Enhanced microbial electrosynthesis by using defined co-cultures
2017; 11 (3): 704-714
Microbial uptake of free cathodic electrons presents a poorly understood aspect of microbial physiology. Uptake of cathodic electrons is particularly important in microbial electrosynthesis of sustainable fuel and chemical precursors using only CO2 and electricity as carbon, electron and energy source. Typically, large overpotentials (200 to 400 mV) were reported to be required for cathodic electron uptake during electrosynthesis of, for example, methane and acetate, or low electrosynthesis rates were observed. To address these limitations and to explore conceptual alternatives, we studied defined co-cultures metabolizing cathodic electrons. The Fe(0)-corroding strain IS4 was used to catalyze the electron uptake reaction from the cathode forming molecular hydrogen as intermediate, and Methanococcus maripaludis and Acetobacterium woodii were used as model microorganisms for hydrogenotrophic synthesis of methane and acetate, respectively. The IS4-M. maripaludis co-cultures achieved electromethanogenesis rates of 0.1-0.14 μmol cm(-2) h(-1) at -400 mV vs standard hydrogen electrode and 0.6-0.9 μmol cm(-2) h(-1) at -500 mV. Co-cultures of strain IS4 and A. woodii formed acetate at rates of 0.21-0.23 μmol cm(-2) h(-1) at -400 mV and 0.57-0.74 μmol cm(-2) h(-1) at -500 mV. These data show that defined co-cultures coupling cathodic electron uptake with synthesis reactions via interspecies hydrogen transfer may lay the foundation for an engineering strategy for microbial electrosynthesis.The ISME Journal advance online publication, 1 November 2016; doi:10.1038/ismej.2016.149.
View details for DOI 10.1038/ismej.2016.149
View details for Web of Science ID 000394542000010
Methane release from sediment seeps to the atmosphere is counteracted by highly active Methylococcaceae in the water column of deep oligotrophic Lake Constance.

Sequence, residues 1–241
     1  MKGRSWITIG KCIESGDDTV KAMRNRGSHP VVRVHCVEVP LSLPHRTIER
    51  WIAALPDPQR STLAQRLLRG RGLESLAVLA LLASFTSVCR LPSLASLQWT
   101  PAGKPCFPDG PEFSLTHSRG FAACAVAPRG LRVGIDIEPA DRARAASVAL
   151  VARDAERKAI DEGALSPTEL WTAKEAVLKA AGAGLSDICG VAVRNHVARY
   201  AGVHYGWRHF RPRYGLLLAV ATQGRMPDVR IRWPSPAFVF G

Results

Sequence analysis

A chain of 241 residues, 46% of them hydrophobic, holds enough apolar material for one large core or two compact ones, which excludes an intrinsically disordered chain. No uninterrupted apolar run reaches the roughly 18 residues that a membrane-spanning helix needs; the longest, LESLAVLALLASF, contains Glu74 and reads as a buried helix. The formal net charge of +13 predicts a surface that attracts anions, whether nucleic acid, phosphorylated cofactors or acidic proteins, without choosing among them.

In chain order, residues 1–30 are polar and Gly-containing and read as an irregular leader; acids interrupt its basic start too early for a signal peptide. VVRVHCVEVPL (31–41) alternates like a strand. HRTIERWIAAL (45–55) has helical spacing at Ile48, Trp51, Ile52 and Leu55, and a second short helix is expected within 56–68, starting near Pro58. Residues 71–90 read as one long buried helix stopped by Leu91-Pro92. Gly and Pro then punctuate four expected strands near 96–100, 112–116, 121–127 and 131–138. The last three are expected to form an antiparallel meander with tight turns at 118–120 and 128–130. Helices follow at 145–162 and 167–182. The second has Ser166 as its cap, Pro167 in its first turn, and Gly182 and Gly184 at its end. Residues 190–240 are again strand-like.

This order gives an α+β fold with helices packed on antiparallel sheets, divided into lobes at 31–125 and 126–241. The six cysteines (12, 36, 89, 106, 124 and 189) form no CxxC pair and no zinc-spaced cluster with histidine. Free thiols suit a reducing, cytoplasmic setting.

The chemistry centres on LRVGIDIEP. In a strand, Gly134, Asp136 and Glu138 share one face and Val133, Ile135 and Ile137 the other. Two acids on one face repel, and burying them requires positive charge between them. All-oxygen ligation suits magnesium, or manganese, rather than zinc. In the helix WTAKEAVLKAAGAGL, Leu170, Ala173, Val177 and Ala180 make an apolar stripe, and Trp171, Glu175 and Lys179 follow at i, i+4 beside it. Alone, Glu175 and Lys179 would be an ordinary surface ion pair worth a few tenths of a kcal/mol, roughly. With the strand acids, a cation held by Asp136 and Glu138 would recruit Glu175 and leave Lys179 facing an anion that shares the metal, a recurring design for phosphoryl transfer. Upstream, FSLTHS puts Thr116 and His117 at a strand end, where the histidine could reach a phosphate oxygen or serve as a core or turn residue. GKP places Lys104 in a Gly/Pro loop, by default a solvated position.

FEMS microbiology ecology
2016; 92 (8)
Methane emissions from freshwater environments contribute substantially to global warming but are under strong control of aerobic methane-oxidizing bacteria. Recently discovered methane seeps (pockmarks) in freshwater lake sediments have the potential to bypass this control by their strong outgassing activity. Whether this is counteracted by pelagic methanotrophs is not well understood yet. We used a (3)H-CH4-radiotracer technique and pmoA-based molecular approaches to assess the activity, abundance and community structure of pelagic methanotrophs above active pockmarks in deep oligotrophic Lake Constance. Above profundal pockmarks, methane oxidation rates (up to 458 nmol CH4 l(-1) d(-1)) exceeded those of the surrounding water column by two orders of magnitude and coincided with maximum methanotroph abundances of 0.6% of the microbial community. Phylogenetic analysis indicated a dominance of members of the Methylococcaceae in the water column of both, pockmark and reference sites, with most of the retrieved sequences being associated with a water-column specific clade. Communities at pockmark and reference locations also differed in parts, which was likely caused by entrainment of sediment-hosted methanotrophs at pockmark sites. Our results show that the release of seep-derived methane to the atmosphere is counteracted by a distinct methanotrophic community with a pronounced activity throughout bottom waters.
View details for DOI 10.1093/femsec/fiw123
View details for PubMedID 27267930
Extracellular Enzymes Facilitate Electron Uptake in Biocorrosion and Bioelectrosynthesis
2015; 6 (2)